Exploration on Generating Traditional Chinese Medicine Prescriptions from Symptoms with an End-to-End Approach

Exploration on Generating Traditional Chinese Medicine Prescriptions from Symptoms with an End-to-End Approach

Wei Li, Xu Sun
MOE Key Laboratory of Computational Linguistics,
School of Electronics Engineering and Computer
Science, Peking University
Zheng Yang
Beijing University
of Chinese Medicine

Traditional Chinese Medicine (TCM) is an influential form of medical treatment in China and surrounding areas. In this paper, we propose a TCM prescription generation task that aims to automatically generate a herbal medicine prescription based on textual symptom descriptions. Sequence-to-sequence (seq2seq) model has been successful in dealing with sequence generation tasks. We explore a potential end-to-end solution to the TCM prescription generation task using seq2seq models. However, experiments show that directly applying seq2seq model leads to unfruitful results due to the repetition problem. To solve the problem, we propose a novel decoder with coverage mechanism and a novel soft loss function. The experimental results demonstrate the effectiveness of the proposed approach. Judged by professors who excel in TCM, the generated prescriptions are rated 7.3 out of 10. It shows that the model can indeed help with the prescribing procedure in real life.


1 Introduction

Traditional Chinese Medicine (TCM) is one of the most important forms of medical treatment in China and the surrounding areas. TCM has accumulated large quantities of documentation and therapy records in the long history of development. Prescriptions consisting of herbal medication are the most important form of TCM treatment. TCM practitioners prescribe according to a patient’s symptoms that are observed and analyzed by the practitioners themselves instead of using medical equipment, e.g., the CT. The patient takes the decoction made out of the herbal medication in the prescription. A complete prescription includes the composition of herbs, the proportion of herbs, the preparation method and the doses of the decoction. In this work, we focus on the composition part of the prescription, which is the most essential part of the prescription.

During the long history of TCM, there has been a number of therapy records or treatment guidelines in the TCM classics composed by outstanding TCM researchers and practitioners. In real life, TCM practitioners often take these classical records for reference when prescribing for the patient, which inspires us to design a model that can automatically generate prescriptions by learning from these classics. It also needs to be noted that due to the issues in actual practice, the objective of this work is to generate candidate prescriptions to facilitate the prescribing procedure instead of substituting the human practitioners completely.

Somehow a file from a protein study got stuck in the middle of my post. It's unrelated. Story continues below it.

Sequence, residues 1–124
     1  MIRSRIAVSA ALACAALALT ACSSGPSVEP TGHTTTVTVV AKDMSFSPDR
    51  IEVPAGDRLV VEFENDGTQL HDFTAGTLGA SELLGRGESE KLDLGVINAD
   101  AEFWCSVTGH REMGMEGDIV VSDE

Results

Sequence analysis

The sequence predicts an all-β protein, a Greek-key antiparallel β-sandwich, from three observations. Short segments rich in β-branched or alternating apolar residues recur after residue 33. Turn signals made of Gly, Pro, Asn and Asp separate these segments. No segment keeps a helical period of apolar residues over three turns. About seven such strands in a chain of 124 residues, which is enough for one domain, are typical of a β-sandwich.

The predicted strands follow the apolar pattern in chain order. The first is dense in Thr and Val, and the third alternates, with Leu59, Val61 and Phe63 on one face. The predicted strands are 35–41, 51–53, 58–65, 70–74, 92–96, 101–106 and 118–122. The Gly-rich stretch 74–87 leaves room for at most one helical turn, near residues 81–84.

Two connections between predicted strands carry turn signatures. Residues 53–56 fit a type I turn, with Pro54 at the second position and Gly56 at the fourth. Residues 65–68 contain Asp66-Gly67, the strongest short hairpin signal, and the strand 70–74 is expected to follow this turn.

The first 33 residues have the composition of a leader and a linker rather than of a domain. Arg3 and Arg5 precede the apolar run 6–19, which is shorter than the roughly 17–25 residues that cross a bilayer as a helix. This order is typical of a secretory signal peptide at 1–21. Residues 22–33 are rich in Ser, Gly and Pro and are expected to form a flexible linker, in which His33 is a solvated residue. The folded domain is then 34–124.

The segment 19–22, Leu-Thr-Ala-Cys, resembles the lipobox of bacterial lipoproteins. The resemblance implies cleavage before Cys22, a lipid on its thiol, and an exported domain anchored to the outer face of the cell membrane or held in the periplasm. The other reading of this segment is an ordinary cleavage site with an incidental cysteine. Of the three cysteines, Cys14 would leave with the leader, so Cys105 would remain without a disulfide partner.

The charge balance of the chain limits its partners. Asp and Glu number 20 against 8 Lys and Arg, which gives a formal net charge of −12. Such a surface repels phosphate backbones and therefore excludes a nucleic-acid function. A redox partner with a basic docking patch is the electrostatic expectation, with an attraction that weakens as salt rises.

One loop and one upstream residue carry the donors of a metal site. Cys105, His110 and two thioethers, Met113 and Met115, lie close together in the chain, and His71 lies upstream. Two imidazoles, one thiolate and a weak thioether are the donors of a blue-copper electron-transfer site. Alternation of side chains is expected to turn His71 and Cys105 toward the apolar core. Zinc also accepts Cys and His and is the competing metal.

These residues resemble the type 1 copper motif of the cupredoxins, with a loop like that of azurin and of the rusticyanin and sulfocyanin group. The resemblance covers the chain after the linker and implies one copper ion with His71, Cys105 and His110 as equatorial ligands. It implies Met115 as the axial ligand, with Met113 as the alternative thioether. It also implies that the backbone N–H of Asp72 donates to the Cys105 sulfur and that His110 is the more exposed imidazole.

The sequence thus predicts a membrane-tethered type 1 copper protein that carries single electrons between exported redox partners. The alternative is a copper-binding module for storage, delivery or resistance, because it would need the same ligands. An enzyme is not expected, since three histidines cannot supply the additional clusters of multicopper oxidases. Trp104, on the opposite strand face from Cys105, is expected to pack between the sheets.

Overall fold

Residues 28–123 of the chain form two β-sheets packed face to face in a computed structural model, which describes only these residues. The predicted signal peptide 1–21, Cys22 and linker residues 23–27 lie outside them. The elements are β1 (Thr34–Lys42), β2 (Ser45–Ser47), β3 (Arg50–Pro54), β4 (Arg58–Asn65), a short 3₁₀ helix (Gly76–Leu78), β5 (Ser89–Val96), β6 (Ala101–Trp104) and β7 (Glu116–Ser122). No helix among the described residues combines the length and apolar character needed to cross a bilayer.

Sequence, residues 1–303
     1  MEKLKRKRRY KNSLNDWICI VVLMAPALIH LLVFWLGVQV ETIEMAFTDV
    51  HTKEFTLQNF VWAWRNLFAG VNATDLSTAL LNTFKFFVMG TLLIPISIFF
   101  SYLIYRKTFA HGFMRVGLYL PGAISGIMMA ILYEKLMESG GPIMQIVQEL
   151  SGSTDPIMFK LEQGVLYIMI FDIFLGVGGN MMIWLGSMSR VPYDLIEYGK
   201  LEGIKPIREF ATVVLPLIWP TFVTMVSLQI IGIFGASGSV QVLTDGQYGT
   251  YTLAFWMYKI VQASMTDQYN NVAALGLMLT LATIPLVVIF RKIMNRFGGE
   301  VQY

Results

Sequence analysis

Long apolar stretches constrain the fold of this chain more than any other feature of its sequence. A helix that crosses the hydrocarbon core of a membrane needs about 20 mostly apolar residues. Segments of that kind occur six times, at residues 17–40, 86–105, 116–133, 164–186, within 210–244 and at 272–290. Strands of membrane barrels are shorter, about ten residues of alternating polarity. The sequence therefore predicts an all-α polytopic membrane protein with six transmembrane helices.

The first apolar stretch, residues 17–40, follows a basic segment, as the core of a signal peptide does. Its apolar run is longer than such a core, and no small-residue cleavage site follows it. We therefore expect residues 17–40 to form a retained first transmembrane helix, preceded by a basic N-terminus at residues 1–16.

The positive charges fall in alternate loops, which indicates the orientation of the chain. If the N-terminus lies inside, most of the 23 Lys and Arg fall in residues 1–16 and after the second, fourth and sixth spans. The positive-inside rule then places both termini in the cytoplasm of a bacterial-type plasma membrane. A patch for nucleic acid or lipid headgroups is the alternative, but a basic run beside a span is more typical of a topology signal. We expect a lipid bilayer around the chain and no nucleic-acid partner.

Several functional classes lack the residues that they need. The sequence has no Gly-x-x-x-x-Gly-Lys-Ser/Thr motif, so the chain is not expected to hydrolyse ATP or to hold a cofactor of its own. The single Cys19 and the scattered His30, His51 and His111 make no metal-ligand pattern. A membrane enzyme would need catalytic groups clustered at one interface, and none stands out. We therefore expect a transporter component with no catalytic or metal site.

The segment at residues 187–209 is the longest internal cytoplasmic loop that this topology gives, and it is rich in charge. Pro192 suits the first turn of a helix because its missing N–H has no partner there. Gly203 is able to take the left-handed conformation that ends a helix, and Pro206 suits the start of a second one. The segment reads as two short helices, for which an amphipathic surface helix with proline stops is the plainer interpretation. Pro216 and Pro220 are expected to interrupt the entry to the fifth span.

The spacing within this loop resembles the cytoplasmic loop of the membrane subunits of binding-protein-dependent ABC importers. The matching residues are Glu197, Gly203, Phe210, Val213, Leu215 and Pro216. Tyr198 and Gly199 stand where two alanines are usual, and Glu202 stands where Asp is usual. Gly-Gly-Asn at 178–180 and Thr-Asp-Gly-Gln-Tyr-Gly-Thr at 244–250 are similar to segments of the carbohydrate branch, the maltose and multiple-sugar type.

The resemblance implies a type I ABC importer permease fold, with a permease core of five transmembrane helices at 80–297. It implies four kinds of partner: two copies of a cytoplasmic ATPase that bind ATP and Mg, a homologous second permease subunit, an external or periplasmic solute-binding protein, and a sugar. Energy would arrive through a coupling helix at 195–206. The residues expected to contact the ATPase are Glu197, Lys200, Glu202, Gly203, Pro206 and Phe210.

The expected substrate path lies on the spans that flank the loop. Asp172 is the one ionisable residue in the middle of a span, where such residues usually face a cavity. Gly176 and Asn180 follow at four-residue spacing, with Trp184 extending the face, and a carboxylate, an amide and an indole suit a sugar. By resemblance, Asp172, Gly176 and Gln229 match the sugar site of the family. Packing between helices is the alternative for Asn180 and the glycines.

An example of TCM prescription is shown in Table 1. The herbs in the prescription are organized in a weak order. By “weak order”, we mean that the effect of the herbs are not influenced by the order. However, the order of the herbs reflects the way of thinking when constructing the prescription. Therefore, the herbs are connected to each other, and the most important ones are usually listed first.

Name {CJK*}UTF8gbsn麻黄汤 (Mahuang decoction)
Symptoms {CJK*}UTF8gbsn外感风寒表实证。恶寒发热,头身疼痛,无汗自喘,舌苔薄白,脉浮紧。
Translation Affection of exogenous wind-cold; aversion to cold, fever; headache and body pain; adiapneustia and pant; thin and white tongue coating, floating and tense pulse
Prescription {CJK*}UTF8gbsn麻黄、桂枝、杏仁、甘草
Translation Mahuang (ephedra), Guizhi (cassia twig), Xingren (almond), Gancao (glycyrrhiza)
Table 1: An example of a TCM symptom-prescription pair. As we are mainly concerned with the composition of the prescription, we only provide the herbs in the prescription.

Due to the lack of digitalization and formalization, TCM has not attracted sufficient attention in the artificial intelligence community. To facilitate the studies on automatic TCM prescription generation, we collect and clean a large number of prescriptions as well as their corresponding symptom descriptions from the Internet.

Inspired by the great success of natural language generation tasks like neural machine translation (NMT) Bahdanau et al. (2014); Cho et al. (2014); Sutskever et al. (2014), abstractive summarization See et al. (2017), generative question answering Yin et al. (2015), and neural dialogue response generation Li et al. (2017, 2016), we propose to adopt the end-to-end paradigm, mainly the sequence to sequence model, to tackle the task of generating TCM prescriptions based on textual symptom descriptions.